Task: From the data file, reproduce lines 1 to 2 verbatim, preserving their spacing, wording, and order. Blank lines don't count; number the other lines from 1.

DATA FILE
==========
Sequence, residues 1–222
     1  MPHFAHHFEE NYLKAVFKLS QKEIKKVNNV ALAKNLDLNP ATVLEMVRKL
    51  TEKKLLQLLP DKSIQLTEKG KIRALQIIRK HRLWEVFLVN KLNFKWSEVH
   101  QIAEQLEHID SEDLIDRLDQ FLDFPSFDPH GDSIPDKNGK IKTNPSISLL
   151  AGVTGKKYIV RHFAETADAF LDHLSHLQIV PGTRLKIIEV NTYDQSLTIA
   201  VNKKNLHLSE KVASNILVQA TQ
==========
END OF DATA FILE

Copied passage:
Sequence, residues 1–222
     1  MPHFAHHFEE NYLKAVFKLS QKEIKKVNNV ALAKNLDLNP ATVLEMVRKL